Americans in the health insurance markets created by President Barack Obama’s law will have less choice next year than any time since the program started, a new county-level analysis for The Associated Press has found.
The analysis by AP and consulting firm Avalere Health found that about one-third of U.S. counties will have only one health marketplace insurer next year. That’s more than 1,000 counties in 26 states – roughly double the number of counties in 2014, the first year of coverage through the program.
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House lawmakers are angry that one of the last taxpayer-funded Obamacare plans wants to move to for-profit status, saying that the millions of dollars provided in startup loans were meant to go to nonprofits.
Republican leaders of the House Ways and Means Committee wrote to the Obama administration and the Maryland consumer-oriented and operated plan Evergreen Health, which wants to become a for-profit health insurer.
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President Barack Obama leaves the White House in 12 weeks, but the law that bears his name will polarize politics long after he’s gone.
On Tuesday the Internal Revenue Service (IRS) announced some tax benefits will increase in 2017 in order to adjust for inflation. According to the IRS the standard deduction for married couples in 2017 will be $12,700, up from $12,600, and both the earned income tax credit and the amount exempt from the estate tax will also see slight increases. The top individual tax rate will apply to those making $418,400 or more as opposed to $415,050 or more in 2016.
Yesterday the American Action Forum released an analysis of Donald Trump’s proposal to cut 70 to 80 percent of U.S. Regulations. The analysis finds that in order to achieve this goal, between $700 and $800 billion in regulatory costs would need to be cut. The analysis further shows that it would likely take a generation in order to accomplish this goal.
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A new poll conducted for POLITICO and the Harvard T.H. Chan School of Public Health finds that 54 percent of likely voters think Obamacare is working poorly. Ninety-four percent of self-identified Donald Trump voters hold that view, while 79 percent of Hillary Clinton supporters believe the law is working well.
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President Obama promised that the Affordable Care Act would increase competition and choice in insurance markets. In a 2009 speech to a joint session of Congress, for example, the president said, “Individuals and small businesses will be able to shop for health insurance at competitive prices. Insurance companies will have an incentive to participate in this exchange because it lets them compete for millions of new customers.” This claim, along with many othersmade by ACA supporters, have proven to be wrong. In fact, Americans have far fewer choices for individual market coverage today than they had before the ACA took effect and there is a rapidly declining number of insurers now offering coverage in the ACA exchanges.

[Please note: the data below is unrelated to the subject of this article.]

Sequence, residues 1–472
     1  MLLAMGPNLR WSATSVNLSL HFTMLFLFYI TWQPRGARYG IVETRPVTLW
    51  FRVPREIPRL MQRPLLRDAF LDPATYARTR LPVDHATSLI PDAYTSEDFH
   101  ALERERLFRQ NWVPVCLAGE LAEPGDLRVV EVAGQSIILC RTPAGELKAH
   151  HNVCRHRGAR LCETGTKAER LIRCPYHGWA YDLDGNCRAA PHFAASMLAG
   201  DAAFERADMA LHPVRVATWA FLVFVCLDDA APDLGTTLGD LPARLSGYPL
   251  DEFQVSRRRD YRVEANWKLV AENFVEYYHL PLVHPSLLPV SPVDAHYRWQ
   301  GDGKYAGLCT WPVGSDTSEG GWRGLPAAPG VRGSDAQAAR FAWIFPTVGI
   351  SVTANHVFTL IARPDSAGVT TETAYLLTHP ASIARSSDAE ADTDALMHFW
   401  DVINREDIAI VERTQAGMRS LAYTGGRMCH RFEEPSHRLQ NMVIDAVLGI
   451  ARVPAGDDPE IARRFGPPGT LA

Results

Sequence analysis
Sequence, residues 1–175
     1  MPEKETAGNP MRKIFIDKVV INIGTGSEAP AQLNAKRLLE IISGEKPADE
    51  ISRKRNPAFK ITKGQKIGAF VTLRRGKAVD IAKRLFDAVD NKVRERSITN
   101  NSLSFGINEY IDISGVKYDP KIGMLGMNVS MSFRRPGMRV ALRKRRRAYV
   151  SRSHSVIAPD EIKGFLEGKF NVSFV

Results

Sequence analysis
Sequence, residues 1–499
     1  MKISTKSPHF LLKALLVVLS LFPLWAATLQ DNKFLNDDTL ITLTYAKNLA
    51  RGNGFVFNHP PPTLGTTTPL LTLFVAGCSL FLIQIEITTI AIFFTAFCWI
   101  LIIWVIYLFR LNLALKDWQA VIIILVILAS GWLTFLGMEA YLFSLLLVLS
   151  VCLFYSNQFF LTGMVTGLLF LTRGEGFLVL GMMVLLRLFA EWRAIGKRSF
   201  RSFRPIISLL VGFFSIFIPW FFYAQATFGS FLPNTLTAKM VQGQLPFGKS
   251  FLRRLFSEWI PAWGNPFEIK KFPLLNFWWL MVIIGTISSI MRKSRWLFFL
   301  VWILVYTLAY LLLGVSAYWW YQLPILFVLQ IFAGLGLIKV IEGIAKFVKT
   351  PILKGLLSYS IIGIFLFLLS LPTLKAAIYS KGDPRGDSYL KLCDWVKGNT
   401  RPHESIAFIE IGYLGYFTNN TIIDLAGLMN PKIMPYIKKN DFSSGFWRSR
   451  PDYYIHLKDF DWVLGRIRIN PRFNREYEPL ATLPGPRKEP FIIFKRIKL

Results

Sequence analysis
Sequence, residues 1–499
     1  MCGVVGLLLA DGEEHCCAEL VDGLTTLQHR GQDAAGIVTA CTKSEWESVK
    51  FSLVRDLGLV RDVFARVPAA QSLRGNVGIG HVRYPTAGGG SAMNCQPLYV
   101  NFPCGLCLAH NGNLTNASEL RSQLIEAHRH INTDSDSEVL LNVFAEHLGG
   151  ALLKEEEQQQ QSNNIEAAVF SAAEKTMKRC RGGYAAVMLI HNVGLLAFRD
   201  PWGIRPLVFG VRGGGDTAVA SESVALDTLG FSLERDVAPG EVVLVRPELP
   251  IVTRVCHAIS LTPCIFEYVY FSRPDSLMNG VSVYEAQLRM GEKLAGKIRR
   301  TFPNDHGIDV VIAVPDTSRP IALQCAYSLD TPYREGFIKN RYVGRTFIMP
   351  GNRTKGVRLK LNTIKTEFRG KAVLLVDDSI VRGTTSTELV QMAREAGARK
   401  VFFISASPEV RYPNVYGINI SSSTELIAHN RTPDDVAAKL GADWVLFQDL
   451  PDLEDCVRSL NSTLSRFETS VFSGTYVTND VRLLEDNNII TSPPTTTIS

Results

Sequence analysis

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The Obama administration hasn’t done enough to ensure that the right people get Obamacare subsidies, according to a new report from congressional Republicans.
The report details earlier investigations into Obamacare’s verification process for income eligibility, which screens whether a person is eligible for tax credits. It also criticizes the administration for relaxing standards for income eligibility.
The architects of the Affordable Care Act thought they had a blunt instrument to force people—even young and healthy ones—to buy insurance through the law’s online marketplaces: a tax penalty for those who remain uninsured. The full weight of the penalty will not be felt until April, when those who have avoided buying insurance will face penalties of around $700 a person or more. But for the young and healthy who are badly needed to make the exchanges work, it is sometimes cheaper to pay the Internal Revenue Service than an insurance company charging large premiums, with huge deductibles. The IRS says that 8.1 million returns included penalty payments for people who went without insurance in 2014, the first year in which most people were required to have coverage.
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Responding to the uproar over ObamaCare premium hikes, Hillary Clinton on Tuesday promised: “We’re going to make changes to fix problems like that.”
The question is: What changes could actually get through Congress?
Both parties agree that ObamaCare has problems. Premiums are rising sharply, and the pool of enrollees is smaller and sicker than expected.
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Skyrocketing premium increases on the Obamacare exchanges for 2017 were announced Monday afternoon by the Department of Health and Human Services, averaging nearly 25% across 38 federal exchange states. More than 70% of consumers in states using the federal exchange will be able to find a premium that is less than $75 a month once financial assistance is factored in, according to the HHS report. That’s because 85% of enrollees in the Obamacare exchanges receive subsidies to offset the cost of the premium increases. But someone has to make up the difference, and it is, of course, middle-income taxpayers. Douglas Holtz-Eakin, former director of the Congressional Budget Office and current president of the American Action Forum, estimates that taxpayers will fork over $32 billion in ACA subsidies this year and up to $50 billion next year.
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